In any study of Grand Canyon Lodge, the most obvious, most essential factor in its significance is that it was originally designed by the legendary Gilbert Stanley Underwood. But the key to understanding Grand Canyon Lodge is to recognize that it is located at the North Rim -- far from the madding crowds -- and by definition is a much different experience than anything at the South Rim.
the Grand Canyon Lodge is set right on the rim.
The main lodge building is the hub for every activity except the actual lodging. Rooms include the lobby, dining hall, recreation room, a "western saloon," the amazing sun room, a cafeteria, kitchens, and offices. All bedding is found in various cabins, which range from simple to deluxe, all rustic in appearance. The atmosphere isn't that of a hotel; it feels more like a pricey Adirondack summer camp for adults. It was intended to be a rustic summer resort, and it fits the bill perfectly.
The main lodge building is nestled right on the canyon rim; from below it almost seems to cling to the cliff. Unlike the South Rim lodges that are buffered by walkways and lawns, Grand Canyon Lodge is separated only by railings or windows. The canyon itself presents a much different face here -- it doesn't reveal itself with the same massive vista found at the opposite rim. The Lodge is at the end of an arm that divides Roaring Springs and Transept Canyons, which are side canyons of Bright Angel Canyon, which of course is a side canyon of the Grand Canyon of the Colorado River. In any case, it simply means that you aren't peering directly down into the deepest part of the abyss as at the South Rim.
Underwood was undoubtedly influenced by Mary Jane Colter's practice of designing structures that seem to rise from the Canyon itself.
Parkitecture enthusiasts generally point to Grand Canyon Lodge as the most authentic, least-altered of all the great park lodges. They're arguably correct in that assessment, however, a strong case could be made for exactly the opposite. Considering that Stanley's original was destroyed by fire and rebuilt with significant differences, it could be said that Grand Canyon Lodge is actually a new lodge built on the site of the first. Completed in 1928, it was ravaged by a fire in 1932 that began when sparks flew from one of its massive hearths.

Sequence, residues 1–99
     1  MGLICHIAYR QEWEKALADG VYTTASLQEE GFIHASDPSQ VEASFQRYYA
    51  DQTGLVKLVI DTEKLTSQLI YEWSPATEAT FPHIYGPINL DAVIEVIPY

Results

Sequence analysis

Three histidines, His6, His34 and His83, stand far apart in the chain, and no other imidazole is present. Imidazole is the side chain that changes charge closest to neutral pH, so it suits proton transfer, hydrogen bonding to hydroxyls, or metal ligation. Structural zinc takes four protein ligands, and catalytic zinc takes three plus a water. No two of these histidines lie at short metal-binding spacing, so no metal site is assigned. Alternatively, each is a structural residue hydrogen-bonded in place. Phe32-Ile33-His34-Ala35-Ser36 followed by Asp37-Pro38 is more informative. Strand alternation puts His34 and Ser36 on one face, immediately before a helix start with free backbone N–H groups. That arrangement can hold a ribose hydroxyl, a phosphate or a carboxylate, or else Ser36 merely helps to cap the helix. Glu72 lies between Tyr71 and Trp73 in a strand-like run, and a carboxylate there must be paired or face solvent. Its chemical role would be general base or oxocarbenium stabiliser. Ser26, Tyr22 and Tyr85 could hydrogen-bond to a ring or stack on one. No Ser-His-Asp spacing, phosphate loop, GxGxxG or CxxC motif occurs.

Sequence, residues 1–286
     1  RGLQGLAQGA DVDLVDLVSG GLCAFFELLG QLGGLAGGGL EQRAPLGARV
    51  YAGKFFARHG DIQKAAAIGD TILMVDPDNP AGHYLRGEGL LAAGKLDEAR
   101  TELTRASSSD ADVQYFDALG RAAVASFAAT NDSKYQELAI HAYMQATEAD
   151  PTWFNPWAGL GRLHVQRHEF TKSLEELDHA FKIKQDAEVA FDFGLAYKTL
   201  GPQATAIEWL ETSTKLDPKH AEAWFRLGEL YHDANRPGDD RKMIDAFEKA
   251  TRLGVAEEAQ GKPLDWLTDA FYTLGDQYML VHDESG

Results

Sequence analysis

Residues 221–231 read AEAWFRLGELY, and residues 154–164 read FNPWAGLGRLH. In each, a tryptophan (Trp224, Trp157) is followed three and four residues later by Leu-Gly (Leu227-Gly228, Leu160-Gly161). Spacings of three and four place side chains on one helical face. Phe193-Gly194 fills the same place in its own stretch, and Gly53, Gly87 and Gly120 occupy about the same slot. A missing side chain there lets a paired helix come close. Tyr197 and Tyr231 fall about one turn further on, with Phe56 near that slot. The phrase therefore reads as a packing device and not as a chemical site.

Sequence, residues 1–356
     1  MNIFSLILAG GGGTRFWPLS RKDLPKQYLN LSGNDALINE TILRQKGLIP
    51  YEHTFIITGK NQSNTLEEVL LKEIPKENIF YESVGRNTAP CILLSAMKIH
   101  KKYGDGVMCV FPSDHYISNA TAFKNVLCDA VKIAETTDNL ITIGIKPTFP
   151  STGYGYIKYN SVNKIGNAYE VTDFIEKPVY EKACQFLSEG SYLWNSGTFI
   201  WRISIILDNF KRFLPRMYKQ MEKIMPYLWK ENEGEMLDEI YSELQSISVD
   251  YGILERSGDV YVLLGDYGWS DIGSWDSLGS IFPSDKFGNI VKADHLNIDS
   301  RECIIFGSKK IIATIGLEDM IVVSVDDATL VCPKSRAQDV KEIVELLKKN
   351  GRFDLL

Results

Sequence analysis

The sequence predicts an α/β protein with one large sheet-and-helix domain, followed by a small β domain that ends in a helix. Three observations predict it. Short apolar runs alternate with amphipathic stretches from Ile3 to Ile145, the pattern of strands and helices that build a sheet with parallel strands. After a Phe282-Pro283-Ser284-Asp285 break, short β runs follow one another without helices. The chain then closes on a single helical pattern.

The main lodge was rebuilt a few years later using most of the original stonework, but it was with some striking differences that bear mentioning here. The original had a second story dormitory which was not rebuilt. Most significantly, the original had a massive, shallow roofline defined by a central observation tower. This gave the original structure a California/mission flavor. The rebuilt lodge had none of that, in fact using steeper rooflines with a greater emphasis on decorative logwork. The double-gable entry hints at the former styling, but that's the extent of it. The look of the "new" lodge is clearly National Park Rustic, and the joy is that it is virtually unchanged since 1937.
The front entry faintly echoes Underwood's original mission styling.
As mentioned above, there are no beds in the main lodge. Guests choose from a few different levels of cabins, priced accordingly. There is also a building with motel rooms; this is newer and not generally regarded as the most desirable lodging by park architecture enthusiasts. The layout requires longer walks to and from the main lodge building than would be expected in a typical hotel. Although this is one of the most charming aspects of Grand Canyon Lodge, it qualifies as more of a cabin and lodge experience than as a pure National Park type lodge.
Vintage black and white photo, also of the "new" 1937 lodge.